Franco Prussian War 1870 – Battle at the River Lauter

 

Another FPW battle in the Wargamorium last night using the 1870 rules and 15mm Old Glory figures.

A Bavarian Corps was trapped up against the river Lauter by a considerably larger French Corps.  The bridge behind them was destroyed but the Bavarians had a pontoon train which worked frantically to construct a safe crossing to escape.  It was a race against time BUT – at the far end of the table 2 Prussian Corps arrived and they too had a pontoon train.

So could the French destroy the isolated Bavarian Corps before they could escape across the river or before the Prussian Corps could cross over to them?  The short answer is NO they could not.  The Bavarians were able to hold up twice their number with ease and both pontoon bridges were constructed in time to allow the Prussians to cross over so the French retired and the game was over.

Photographs are below.  Only a few were good enough as many were too blurred to post.

I extended the table to some 16 foot long by 6 foot wide so as to allow the Prussian Corps to be laid out on the table in all their spendour.

This time we both agreed that the “1870” rules were not suitable for our games as there was too much micromanagement at a very low level so we are on the hunt now for a new set for the next FPW game.

Next week however it will be the Franco-Austrian War 1859 using Principles of War Rules.  Hopefully there will be more photographs.

01. Full table view

Full table view before the game. The table is 16 feet long.

 

Bavarians preparing to defend the railway embankment

 

Bavarian pontoon train arrives

 

Bavarian pontoon bridge under construction. The inverted wall is just a token to mark the stage the bridge is at.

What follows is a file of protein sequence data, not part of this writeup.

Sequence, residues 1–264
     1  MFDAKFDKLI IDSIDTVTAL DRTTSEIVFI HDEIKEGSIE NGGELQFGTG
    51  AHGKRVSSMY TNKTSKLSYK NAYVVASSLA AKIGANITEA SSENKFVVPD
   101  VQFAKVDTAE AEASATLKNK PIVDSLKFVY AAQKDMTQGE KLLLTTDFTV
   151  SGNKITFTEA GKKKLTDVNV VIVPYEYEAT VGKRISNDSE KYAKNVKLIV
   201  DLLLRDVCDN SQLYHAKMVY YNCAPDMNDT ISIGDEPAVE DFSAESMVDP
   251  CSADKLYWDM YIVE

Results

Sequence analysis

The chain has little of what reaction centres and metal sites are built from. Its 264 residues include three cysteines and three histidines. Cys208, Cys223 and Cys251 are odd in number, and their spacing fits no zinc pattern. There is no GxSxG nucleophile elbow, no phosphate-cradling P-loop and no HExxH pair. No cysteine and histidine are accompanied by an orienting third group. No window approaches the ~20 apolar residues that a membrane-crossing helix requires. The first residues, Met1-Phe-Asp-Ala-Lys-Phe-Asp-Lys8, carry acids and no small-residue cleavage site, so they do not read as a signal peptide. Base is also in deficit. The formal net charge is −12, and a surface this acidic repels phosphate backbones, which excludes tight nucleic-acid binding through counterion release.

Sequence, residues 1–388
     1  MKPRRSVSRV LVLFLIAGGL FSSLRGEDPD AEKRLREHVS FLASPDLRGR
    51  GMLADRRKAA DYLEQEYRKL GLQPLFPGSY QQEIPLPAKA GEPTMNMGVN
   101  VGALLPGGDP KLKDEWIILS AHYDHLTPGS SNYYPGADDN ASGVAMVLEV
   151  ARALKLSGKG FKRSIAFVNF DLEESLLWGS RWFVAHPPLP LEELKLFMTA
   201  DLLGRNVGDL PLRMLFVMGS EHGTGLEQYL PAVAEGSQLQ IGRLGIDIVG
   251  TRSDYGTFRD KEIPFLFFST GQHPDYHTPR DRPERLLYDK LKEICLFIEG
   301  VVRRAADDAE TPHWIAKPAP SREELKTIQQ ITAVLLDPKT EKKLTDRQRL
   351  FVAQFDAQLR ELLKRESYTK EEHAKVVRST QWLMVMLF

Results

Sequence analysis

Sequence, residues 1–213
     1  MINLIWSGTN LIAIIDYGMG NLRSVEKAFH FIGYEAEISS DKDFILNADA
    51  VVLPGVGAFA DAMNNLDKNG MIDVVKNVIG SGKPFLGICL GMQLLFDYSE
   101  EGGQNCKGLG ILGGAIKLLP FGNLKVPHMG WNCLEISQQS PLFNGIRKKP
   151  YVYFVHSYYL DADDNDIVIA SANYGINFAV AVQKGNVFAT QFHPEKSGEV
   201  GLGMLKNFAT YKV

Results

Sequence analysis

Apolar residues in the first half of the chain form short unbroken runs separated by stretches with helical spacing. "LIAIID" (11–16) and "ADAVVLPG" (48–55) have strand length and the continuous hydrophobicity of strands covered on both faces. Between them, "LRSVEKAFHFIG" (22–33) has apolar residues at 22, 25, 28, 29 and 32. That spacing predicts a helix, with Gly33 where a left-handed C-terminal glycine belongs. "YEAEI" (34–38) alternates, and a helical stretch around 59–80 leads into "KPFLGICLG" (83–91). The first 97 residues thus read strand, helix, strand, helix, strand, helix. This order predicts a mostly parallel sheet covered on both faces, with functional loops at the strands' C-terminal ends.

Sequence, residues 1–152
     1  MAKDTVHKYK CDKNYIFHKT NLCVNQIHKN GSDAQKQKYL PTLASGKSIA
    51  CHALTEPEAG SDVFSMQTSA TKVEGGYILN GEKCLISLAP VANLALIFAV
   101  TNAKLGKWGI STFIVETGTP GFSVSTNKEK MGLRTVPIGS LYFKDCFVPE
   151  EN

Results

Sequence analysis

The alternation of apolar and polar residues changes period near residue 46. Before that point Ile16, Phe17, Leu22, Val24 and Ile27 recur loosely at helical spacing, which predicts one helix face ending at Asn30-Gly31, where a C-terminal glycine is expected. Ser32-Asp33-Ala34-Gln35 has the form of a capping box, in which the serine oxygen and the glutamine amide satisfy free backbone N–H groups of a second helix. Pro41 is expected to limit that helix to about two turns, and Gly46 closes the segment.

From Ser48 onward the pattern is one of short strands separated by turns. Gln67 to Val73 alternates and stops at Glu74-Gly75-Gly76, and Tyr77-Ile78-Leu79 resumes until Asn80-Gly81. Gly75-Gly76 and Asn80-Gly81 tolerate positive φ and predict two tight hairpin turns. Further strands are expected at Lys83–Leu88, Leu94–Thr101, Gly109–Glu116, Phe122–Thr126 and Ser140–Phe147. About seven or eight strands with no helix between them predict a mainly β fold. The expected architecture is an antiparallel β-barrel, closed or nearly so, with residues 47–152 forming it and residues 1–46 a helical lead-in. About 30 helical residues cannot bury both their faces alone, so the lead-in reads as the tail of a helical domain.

French bearing down on the Bavarian held village

 

French and Bavarians entering into battle

 

Here come the Prussians to the rescue

 

Yet more Prussians on the way

 

Two Prussian Corps take up a lot of road space.

 

 

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11 Responses to Franco Prussian War 1870 – Battle at the River Lauter

  1. Dave Gamer says:

    Yeah, I have the 1870 rules and they looked too fiddly to me, too – good resource for the period, though. I have several rules for the Franco-Prussian War. I like Volley & Bayonet for high level stuff (1 stand = one 2000-3000 man regiment). For lower level I currently like Piquet:Field of Battle. Base size doesn’t matter, normally 4 bases for infantry and cav, 2 for arty. But if you wanted to use 3 bases per unit it’s no problem. The author of the rules actually plays 1870 and 1866 games (as well as ACW, Naps, and SYW) with the rules. Note that Piquet:FoB is one of those highly random rulesets (I might be able to move my units several times in a row before you could respond, for example) which might not float your boat. Here’s an 1866 game being run by the author (he uses 25mm figs but you can use any scale with the rules): http://wargamesandstuff.blogspot.com/2010/05/austro-prussian-1866-game.html

    • The Wargamorium says:

      Hello Davegamer